Shrink wrap/ Dehydrated food? : LUSENET : TimeBomb 2000 (Y2000) : One Thread

Does anyone have exper. with shrink wrapping or dehydrated food? Can you tell where to buy vaccunm wrap, and what is shelf life? Thanks

-- Arthur Rambo (, September 29, 1998


I can answer parts of your question: I have a vaccum device, and you get the wrap where you get the vaccum thing; it comes in rolls. Perhaps the FAQ on food shelf life could give yhou a rough estimate of the lower end of the lifespan of whatever food product you chose to pack. Bear in mind that some things will last longer than others no matter what method you use.

Dehydrating foods is something that you can do in your home oven without a lot of equipment; you can also buy one of a whole slew of differnt types of dehydrators, electric and not. The biggest thing is that you want some sort of screening to put the food on that can be cleaned and to which the food won't stick, and you can build your own frames for the screening and put it in the oven and turn your oven no low, crack the door slightly and warm the stuff dry. Some stuff you have to blanch first; you should check a book on the subject for the exact amount of time you have to do each type of food product.

-- Karen Cook (, September 29, 1998.


I also find the Gary North Discussion Forum on Food and Food Storage filled with usefule information. Go to, then go to links, then , at the bottom of links, click on Discussion Forums. Food wiill be one of the discussions.

-- Sara Nealy (, September 30, 1998.

Sam's has an item for vacuum packing food. I would like to know if anyone has bought and used it. I asked mary martell at Alpine Foods about it and she said their resealable cans were sufficient to keep the dehydrated food ok, she said that light was equally harmful as oxygen. I still think it is a good idea though. Msglory

-- Roberta Blackard (, September 30, 1998.

Sorry to resurrect this old thread, but I have a few questions. At first, I thought dehydrating food might be the choice for me. I don't have a pressure canner, I am limited on funds and the dehydrator was only $20 at Walmart.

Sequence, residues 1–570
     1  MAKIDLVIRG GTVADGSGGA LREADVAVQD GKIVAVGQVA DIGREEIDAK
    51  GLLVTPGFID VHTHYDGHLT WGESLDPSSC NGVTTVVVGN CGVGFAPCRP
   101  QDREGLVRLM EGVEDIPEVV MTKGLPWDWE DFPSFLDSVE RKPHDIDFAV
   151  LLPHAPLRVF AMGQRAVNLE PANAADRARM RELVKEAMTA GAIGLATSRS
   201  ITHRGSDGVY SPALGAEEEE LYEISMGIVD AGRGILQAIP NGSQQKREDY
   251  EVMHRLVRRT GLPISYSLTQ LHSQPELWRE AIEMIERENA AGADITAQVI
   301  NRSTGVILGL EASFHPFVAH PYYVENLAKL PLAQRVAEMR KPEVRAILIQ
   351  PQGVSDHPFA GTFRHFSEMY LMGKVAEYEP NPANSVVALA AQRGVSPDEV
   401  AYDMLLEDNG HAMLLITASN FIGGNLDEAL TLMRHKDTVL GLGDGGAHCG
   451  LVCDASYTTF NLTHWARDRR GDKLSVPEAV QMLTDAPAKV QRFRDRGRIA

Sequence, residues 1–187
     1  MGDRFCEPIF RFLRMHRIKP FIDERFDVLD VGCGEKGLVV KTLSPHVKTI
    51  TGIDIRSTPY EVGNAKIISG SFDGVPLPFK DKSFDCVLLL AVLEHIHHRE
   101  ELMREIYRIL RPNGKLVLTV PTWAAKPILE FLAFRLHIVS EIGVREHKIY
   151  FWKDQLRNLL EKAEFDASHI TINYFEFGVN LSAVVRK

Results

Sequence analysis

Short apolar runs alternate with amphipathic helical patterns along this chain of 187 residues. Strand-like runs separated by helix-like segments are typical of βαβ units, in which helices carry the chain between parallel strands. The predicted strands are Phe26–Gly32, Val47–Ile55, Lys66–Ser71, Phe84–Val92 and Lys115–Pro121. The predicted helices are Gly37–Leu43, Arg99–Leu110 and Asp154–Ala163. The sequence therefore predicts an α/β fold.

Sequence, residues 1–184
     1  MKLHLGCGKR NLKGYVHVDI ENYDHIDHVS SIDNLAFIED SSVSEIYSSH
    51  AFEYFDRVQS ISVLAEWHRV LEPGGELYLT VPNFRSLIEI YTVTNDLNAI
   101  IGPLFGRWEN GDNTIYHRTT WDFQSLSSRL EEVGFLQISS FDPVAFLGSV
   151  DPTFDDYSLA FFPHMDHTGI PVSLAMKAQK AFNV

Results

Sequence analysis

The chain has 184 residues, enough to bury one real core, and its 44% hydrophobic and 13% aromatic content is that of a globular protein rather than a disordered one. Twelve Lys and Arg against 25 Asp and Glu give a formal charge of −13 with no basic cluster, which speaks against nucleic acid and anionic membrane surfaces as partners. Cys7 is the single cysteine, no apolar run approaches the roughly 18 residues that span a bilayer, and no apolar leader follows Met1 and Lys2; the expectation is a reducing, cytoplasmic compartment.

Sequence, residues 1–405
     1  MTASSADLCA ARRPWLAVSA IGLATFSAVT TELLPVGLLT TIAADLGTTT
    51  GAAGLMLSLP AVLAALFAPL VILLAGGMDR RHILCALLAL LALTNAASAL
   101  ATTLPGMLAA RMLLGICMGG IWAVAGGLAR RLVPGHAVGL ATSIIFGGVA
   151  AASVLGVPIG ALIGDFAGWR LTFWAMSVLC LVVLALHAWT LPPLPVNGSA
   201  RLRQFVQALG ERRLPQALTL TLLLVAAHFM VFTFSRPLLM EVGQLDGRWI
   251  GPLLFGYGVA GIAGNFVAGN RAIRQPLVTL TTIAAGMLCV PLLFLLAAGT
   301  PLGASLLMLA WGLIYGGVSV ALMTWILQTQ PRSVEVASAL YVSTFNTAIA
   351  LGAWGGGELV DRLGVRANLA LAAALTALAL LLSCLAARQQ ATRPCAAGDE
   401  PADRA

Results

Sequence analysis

So I purchased the dehydrator. However, before I begin to dehydrate vegetables, jerky, fruit, etc., I have to question the value of the entire process.

In almost every source I have read, dehydrated foods only last a couple of months. Am I missing something? Is there a way to package dehydrated food to carry it through the first couple of months of the year 2000? (Afterward, I can switch to purchased canned foods.) If not, I'll just return the dehydrator and use the money to purchase other Y2K supplies.

Thanks for any help/advice/etc.

-- Christine A. Newbie (, December 07, 1998.


Do yourself a REAL favor, take the 20 dollar one back (Magic Chef I think) and get the 40 Harvest Home one. we ended up pitching 15 dollars of beef because the Magic Chef quit with no warning after I left for work and before Tari got home. We were VERY unhappy. We now have a pair of Harvest Home dehydrators, doing jerky almost constantly, and setting up for vegies and fruit this summer.


ps Mentor Walmart on Vine has the Harvest Home just off the main aisle, at the end of the bread maker aisle at about knee height.

The jerky formula on the shelf above the dehydrator is the one we are using and we both absolutely love. (having trouble with having any left to store. LOL! Why do you think it runs constantly??


-- Chuck a night driver (, December 08, 1998.

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